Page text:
OTA Notes & Observations (PART I)

IRVING, TX. - The optional team activities (OTAs) are just that — optional … sort of like changing the oil in your car is optional.

VISIBLE BY THEIR ABSENCE: The optional team activities (OTAs) are just that — optional … sort of like changing the oil in your car is optional. You don't have to do it, but it's generally a really good idea. Jimmy Johnson was the first to make it clear that the word "optional" was only listed because the NFL said that's the name of these sessions, and made it clear that he was aware of which players didn't show up.

A handful of players are absent this week, whether it's because of injury, contract dispute, or as was the case with Roy Williams last week, vacation. Missing from Wednesday's session (or at least very well hidden): rookie punter Jay Ottovegio, rookie wide receiver Mark Bradford, cornerback Adam "Pacman" Jones, safety Ken Hamlin and outside linebacker Greg Ellis.

LOOKS CAN BE DECEIVING: New linebacker Zach Thomas is listed at 5-foot-11 and 228 pounds. No way — if he's 5-11, then Tony Romo is about the same height as Dirk Nowitzki. When he stood next to Bradie James, whose listed height of 6-2 is pretty close to accurate, the difference is more than three inches. The 13th-year veteran from Texas Tech looks like a fire hydrant: short, squatty and impossible to move.

However, anyone who thinks the old man can't cover some ground is mistaken. He'll never be a sprinter in the mold of DeMarcus Ware, but he moves extremely well, and was around the ball all day, from one sideline to the other. If the Cowboys' medical staff can keep him from getting knocked loopy with his battering-ram playing style, they just might have pulled off a real heist with the addition of Thomas.

TAKING AIM WITH BOTH BARRELS: When the Cowboys drafted tight end Martellus Bennett out of Texas A&M, speculation swirled that offensive coordinator Jason Garrett was locked away in his basement, working up ways to deploy two tight ends to take advantage of the talents of Bennett and Pro Bowler Jason Witten. That might well be the plan, as the offense worked on a new look with two tight ends — except it was Witten and Tony Curtis — broken out wide on the same side.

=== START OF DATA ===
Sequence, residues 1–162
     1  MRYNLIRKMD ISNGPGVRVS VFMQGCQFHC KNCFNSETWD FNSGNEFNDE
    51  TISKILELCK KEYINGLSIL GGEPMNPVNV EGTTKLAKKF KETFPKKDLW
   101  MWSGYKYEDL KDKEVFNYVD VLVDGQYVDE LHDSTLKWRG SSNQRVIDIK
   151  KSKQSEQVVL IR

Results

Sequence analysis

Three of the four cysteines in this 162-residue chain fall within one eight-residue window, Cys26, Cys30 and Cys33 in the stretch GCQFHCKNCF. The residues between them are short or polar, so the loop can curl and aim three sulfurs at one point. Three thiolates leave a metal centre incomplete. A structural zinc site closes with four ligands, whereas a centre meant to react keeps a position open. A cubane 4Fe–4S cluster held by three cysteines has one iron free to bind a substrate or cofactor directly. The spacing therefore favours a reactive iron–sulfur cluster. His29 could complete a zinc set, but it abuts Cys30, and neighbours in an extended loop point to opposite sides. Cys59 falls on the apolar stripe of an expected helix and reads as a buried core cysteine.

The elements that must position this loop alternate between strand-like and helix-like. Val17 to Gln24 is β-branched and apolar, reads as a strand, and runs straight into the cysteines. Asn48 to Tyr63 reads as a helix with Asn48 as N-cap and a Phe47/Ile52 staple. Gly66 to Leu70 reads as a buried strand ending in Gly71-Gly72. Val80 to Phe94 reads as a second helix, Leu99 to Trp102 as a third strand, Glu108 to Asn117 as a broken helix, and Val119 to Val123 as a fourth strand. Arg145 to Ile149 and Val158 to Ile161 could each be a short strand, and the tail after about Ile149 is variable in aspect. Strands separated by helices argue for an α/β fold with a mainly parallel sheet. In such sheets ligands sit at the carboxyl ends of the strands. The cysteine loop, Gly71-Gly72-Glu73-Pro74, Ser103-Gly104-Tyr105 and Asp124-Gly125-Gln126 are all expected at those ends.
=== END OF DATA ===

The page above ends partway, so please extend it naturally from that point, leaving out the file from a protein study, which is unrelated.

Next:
It's not unusual for a team to deploy two tight ends on the same side, but generally that scheme uses a faster tight end (i.e. Witten) as basically an oversized wide receiver, with the other tight end left inside as an extra blocker. In Wednesday's sessions, Witten and Curtis were lined up side-by-side, about two feet apart from each other, and ran a series of routes in which they cut behind each other, presumably in an effort to make defenders run into each other. If they can iron out the wrinkles in this setup, the possibilities are numerous.

SOMEONE'S LISTENING: Speaking of Bennett, remember the rookie mini-camp, when he got lambasted by coaches for breaking off routes instead of finishing them with strong sprints to the end zone? Someone got his attention. He still didn't catch everything thrown his way Wednesday, but when he did, he tucked it and headed toward the end zone every time.

LINE UP! There weren't any surprises in the personnel on the first-team offensive and defensive lines. On offense, the starting five remained the same quintet that started last year: LT Flozell Adams, LG Kyle Kosier, C Andre Gurode, RG Leonard Davis and RT Marc Colombo. The second unit had LT Doug Free, LG James Marten, C Cory Proctor, RG Joe Berger and RT Pat McQuistan. On defense, the first-team unit was as expected: LE Marcus Spears, NT Jay Ratliff and RE Chris Canty. Running with the second team was LE Stephen Bowen, NT Tank Johnson and RE Jason Hatcher.

HAVES AND HAVE NOTS: RB Marion Barber was at Valley Ranch with his teammates Wednesday, with the ink still drying on that fat new contract he signed with the team last week. He went through drills, but nobody touched him all day, and he laughed with teammates and coaches between drills. Backup Alonzo Coleman, on the other hand, ran like Barber does in the waning moments of a close game with the Cowboys nursing a small lead: violently.

Coleman plowed through teammates with both arms wrapped around the ball and his legs churning, initiating plenty of contact with defenders (and probably even blockers). Perhaps he didn't notice that nobody was wearing pads, or the sign on the door that reminded players that there was to be "no contact" and that the sessions were for teaching purposes. If he didn't notice that, he also likely didn't notice that the sign was authored by … Wade Phillips.

Stay tuned for Part II- which will be released on TheRanchReport.com later this evening!

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